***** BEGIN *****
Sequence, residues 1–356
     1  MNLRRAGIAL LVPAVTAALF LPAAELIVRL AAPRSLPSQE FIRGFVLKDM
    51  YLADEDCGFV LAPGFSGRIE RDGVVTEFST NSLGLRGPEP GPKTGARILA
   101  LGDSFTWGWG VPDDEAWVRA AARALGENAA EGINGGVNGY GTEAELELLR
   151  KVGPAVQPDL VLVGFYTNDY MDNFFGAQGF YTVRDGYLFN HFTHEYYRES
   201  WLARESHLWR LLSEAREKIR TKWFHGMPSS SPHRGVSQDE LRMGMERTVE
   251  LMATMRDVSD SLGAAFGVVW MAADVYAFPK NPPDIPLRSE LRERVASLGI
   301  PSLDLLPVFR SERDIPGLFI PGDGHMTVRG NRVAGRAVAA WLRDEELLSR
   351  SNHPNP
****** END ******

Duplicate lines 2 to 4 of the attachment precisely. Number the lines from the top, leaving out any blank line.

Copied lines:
     1  MNLRRAGIAL LVPAVTAALF LPAAELIVRL AAPRSLPSQE FIRGFVLKDM
    51  YLADEDCGFV LAPGFSGRIE RDGVVTEFST NSLGLRGPEP GPKTGARILA
   101  LGDSFTWGWG VPDDEAWVRA AARALGENAA EGINGGVNGY GTEAELELLR